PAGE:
What’s the most important aspect of Stoicism to you?

That is a hard one for me to answer. Stoicism really is a systematic philosophy, and in my view – here a lot of people will say I’m dead wrong! – there isn’t just one single doctrine that is the most central. That said, if I had to pick one thing that I personally find most interesting about Stoicism, for me it would be a notion that we find most explicitly developed in Epictetus. It’s what he calls prohairesis, and what we often translate as “faculty of choice” or “moral purpose”, or (a bit misleadingly) “will”. This is the very core of the human person, and it is what we are working on – using itself to work on itself – when we are engaging in the kind of self-improvement Stoicism suggests we focus on.

In what ways do you think Stoicism still matters today?

The very number of people who are interested in Stoicism at present – and who stick with it over time – should tell us something! People from all walks of life and with all sorts of backgrounds are finding aspects of Stoic philosophy incredibly helpful or liberating when applied to their own lives. It’s one thing for academics and other professional practitioners to be interested in a philosophical approach, or even to apply it in their lives and talk about it with each other. It’s something entirely different when a philosophy from two millennia back has something to say to a much wider audience in our present-day culture.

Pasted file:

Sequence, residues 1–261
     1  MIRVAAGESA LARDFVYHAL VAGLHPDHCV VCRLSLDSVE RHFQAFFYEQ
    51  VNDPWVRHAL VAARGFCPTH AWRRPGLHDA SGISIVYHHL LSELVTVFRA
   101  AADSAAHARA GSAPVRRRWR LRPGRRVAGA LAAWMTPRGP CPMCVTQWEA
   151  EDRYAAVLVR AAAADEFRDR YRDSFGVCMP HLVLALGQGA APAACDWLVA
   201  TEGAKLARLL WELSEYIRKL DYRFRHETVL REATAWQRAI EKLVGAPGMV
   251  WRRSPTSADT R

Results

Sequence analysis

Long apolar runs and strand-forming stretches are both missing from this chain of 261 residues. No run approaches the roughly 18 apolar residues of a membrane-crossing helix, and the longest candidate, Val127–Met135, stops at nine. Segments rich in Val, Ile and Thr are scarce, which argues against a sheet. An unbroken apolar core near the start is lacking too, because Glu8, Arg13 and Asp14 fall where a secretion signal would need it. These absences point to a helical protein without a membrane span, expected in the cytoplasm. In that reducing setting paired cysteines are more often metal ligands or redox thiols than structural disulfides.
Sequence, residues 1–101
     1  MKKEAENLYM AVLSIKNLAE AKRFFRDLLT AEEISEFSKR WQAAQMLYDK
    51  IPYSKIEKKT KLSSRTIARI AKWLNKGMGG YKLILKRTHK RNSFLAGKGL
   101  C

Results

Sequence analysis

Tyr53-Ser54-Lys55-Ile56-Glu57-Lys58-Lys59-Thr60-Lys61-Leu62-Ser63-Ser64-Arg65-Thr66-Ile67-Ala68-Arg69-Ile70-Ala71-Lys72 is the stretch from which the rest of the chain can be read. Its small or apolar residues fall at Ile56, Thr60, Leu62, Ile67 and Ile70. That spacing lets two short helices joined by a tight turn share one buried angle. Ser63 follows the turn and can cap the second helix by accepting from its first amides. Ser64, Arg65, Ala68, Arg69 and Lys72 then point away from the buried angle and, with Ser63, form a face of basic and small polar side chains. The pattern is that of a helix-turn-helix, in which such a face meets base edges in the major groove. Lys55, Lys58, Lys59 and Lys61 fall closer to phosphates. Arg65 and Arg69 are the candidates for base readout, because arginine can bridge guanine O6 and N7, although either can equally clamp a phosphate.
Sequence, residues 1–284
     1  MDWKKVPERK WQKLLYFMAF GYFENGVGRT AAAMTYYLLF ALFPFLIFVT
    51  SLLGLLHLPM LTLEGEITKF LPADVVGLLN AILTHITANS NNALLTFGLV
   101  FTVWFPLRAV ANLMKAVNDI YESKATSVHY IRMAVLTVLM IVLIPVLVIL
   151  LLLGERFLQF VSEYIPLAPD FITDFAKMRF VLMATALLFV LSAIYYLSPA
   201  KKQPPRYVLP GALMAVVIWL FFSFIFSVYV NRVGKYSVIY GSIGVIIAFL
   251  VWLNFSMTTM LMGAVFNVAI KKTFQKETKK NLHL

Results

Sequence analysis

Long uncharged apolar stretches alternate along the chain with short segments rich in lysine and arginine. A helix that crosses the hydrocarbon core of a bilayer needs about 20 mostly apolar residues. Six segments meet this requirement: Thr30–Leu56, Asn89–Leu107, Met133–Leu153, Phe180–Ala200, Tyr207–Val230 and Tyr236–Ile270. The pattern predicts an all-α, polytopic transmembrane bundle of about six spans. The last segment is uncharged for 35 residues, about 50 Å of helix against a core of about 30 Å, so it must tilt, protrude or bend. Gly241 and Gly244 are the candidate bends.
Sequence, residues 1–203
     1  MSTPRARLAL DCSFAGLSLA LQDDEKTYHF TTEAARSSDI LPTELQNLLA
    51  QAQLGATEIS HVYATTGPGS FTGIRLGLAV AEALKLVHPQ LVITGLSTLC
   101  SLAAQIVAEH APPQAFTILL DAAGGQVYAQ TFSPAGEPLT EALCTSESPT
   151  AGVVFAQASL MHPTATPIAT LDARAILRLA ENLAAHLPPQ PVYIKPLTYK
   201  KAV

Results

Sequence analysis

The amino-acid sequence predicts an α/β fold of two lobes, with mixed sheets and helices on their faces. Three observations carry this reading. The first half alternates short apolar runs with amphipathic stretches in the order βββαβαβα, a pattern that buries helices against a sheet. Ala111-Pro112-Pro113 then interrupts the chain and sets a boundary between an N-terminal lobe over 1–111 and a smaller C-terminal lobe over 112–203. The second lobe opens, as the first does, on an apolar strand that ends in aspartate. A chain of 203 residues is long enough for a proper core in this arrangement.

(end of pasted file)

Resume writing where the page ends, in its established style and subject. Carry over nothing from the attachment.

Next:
How has Stoicism affected the way you live your life?

Not as much as it ought to have, or I’d have liked it to have! Oh – you were asking “How?”, not “How much?” I’d say that it has helped me place matters into perspective – with things that I do still sometimes let myself get quite affected by, more than I’d like. Getting angry, for instance: I do a lot of work on anger, and that was originally motivated by wanting to better understand and deal with my own feelings, responses, habits, and assumptions.

What’s one of your favourite Stoic quotations and why?

It’s one from Epictetus’ Enchiridion:

“When you are about to put your hand to some undertaking, remind yourself what sort of undertaking it is.”

We have a choice, but it is one that we have to make over and over again. What do we allow our desires and aversions to focus upon? For the Stoic, the way Epictetus puts it, it is keeping our prohairesis in accordance with nature. If we can stick with that – which isn’t easy, I’ll admit! – we’re going to be all right.